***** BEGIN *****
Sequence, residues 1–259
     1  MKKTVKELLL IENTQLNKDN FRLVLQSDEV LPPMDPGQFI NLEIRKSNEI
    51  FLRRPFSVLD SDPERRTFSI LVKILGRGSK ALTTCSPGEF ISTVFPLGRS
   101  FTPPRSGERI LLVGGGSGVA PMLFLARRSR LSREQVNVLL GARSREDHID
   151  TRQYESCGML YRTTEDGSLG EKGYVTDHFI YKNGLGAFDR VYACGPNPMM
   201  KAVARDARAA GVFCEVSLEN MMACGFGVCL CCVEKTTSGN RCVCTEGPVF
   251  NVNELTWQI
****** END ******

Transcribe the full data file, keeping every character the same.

Sequence, residues 1–259
     1  MKKTVKELLL IENTQLNKDN FRLVLQSDEV LPPMDPGQFI NLEIRKSNEI
    51  FLRRPFSVLD SDPERRTFSI LVKILGRGSK ALTTCSPGEF ISTVFPLGRS
   101  FTPPRSGERI LLVGGGSGVA PMLFLARRSR LSREQVNVLL GARSREDHID
   151  TRQYESCGML YRTTEDGSLG EKGYVTDHFI YKNGLGAFDR VYACGPNPMM
   201  KAVARDARAA GVFCEVSLEN MMACGFGVCL CCVEKTTSGN RCVCTEGPVF
   251  NVNELTWQI